Major Reforms in Minor Detail: Five Strikes System for Rental Arrears

In our regular column, Major Reform in Minor Detail, we take individual issues from the recent tenancy law reforms and discuss what they means for the community housing sector.  One change that has caused a lot of confusion is the new “five strikes” system for Notices to Vacate for rental arrears introduced by s91ZM of the RTA.

As was previously the case, if a renter received a Notice to Vacate for rental arrears and subsequently pays all unpaid rent before the termination date, a possession order will not be issued by VCAT. This was the existing practice of VCAT but the legislation now states that VCAT no longer has the discretion to issue a possession order where the arrears have been repaid.

Where the change comes in, is if a fifth or subsequent Notice to Vacate is given within a 12-month period, the rental provider may apply to VCAT for a possession order at the end of the 14-day notice period, and VCAT may issue a possession order even if the renter pays off their arrears.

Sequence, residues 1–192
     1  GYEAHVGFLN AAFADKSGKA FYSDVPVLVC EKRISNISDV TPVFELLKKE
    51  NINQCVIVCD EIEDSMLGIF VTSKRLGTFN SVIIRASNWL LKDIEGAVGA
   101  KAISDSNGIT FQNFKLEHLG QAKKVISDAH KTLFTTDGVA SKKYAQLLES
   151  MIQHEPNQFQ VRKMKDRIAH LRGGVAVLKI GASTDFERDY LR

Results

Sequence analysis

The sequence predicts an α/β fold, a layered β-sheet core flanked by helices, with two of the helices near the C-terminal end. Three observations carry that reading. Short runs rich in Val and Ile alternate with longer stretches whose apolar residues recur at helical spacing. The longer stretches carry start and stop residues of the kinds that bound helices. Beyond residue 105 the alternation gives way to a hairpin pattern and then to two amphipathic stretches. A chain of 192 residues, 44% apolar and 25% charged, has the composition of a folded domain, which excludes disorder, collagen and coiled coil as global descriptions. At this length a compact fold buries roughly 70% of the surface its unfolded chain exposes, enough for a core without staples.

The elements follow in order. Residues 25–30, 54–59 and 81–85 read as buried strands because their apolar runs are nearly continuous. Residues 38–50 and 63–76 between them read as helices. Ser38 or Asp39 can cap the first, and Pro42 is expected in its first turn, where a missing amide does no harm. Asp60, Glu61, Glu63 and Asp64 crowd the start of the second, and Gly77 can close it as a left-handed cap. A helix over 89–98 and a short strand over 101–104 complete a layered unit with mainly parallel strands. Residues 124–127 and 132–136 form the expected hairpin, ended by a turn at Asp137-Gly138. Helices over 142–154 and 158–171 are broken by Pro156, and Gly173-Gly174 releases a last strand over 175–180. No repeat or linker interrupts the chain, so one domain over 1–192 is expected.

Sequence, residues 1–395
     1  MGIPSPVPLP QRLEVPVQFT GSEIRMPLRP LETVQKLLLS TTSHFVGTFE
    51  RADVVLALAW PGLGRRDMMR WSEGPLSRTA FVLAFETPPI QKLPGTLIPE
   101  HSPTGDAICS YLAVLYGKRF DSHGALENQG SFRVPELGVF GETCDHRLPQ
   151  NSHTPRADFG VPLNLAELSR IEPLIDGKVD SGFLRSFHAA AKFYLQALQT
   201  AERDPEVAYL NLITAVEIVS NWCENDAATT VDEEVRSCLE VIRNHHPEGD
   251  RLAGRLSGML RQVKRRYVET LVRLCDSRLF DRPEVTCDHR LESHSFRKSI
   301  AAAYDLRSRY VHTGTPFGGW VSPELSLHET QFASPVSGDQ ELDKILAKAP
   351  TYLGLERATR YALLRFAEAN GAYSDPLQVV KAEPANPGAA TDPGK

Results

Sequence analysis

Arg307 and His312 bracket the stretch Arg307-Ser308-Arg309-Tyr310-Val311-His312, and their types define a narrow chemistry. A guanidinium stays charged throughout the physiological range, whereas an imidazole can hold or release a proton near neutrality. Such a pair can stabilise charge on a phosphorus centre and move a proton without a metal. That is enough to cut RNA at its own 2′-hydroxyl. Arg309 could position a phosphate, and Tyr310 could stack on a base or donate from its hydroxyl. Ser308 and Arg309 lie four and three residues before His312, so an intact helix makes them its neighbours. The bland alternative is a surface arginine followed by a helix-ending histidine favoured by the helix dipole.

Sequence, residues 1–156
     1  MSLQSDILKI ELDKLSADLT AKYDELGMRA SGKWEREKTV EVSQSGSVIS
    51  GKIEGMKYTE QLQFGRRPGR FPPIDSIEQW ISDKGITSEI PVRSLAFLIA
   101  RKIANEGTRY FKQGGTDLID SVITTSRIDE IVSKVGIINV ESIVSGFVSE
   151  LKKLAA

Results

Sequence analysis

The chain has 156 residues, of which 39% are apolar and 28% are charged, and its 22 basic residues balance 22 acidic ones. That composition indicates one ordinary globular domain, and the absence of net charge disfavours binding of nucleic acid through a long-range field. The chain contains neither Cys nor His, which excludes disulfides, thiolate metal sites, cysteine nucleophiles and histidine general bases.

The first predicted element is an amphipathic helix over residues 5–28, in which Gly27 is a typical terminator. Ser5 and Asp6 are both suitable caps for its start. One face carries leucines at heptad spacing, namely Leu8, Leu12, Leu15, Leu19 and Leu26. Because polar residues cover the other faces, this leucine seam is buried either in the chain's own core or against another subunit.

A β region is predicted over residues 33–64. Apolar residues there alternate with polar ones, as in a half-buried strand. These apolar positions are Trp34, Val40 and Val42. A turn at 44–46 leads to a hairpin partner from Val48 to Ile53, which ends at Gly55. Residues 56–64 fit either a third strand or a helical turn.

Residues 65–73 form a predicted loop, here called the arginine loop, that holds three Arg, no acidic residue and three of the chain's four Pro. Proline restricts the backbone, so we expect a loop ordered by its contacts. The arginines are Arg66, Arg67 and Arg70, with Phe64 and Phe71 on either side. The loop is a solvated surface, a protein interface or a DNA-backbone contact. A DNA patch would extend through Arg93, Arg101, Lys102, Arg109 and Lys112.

So while this change has caused lots of questions and confusion, it is hard to see how it will be of much relevance to the community housing sector.  This is because social landlords use eviction as a measure of last resort so would not seek to evict renters who are willing to address their arrears, even if they have frequently been in arrears in the past.

It also remains to be seen whether this system is of much relevance for private landlords as, to issue a possession order based on a “fifth strike” for a renter who has repaid their arrears, VCAT would need to consider it “reasonable and proportionate” to make such an order with reference to the legislated test outlined in s330A of the RTA. This will include an assessment of whether the breach has been remedied. Therefore, VCAT may find that the “five strikes” criteria for possession outlined in s91ZM are met but dismiss the application anyway as it is unlikely to be reasonable and proportionate to end the tenancy based on arrears where those arrears have been repaid.

We will examine the reasonable and proportionate test in more detail in the next Major Reforms in Minor Detail.  In the meantime, members with any questions on this are welcome to contact us Jason.perdriau@chiavic.com.au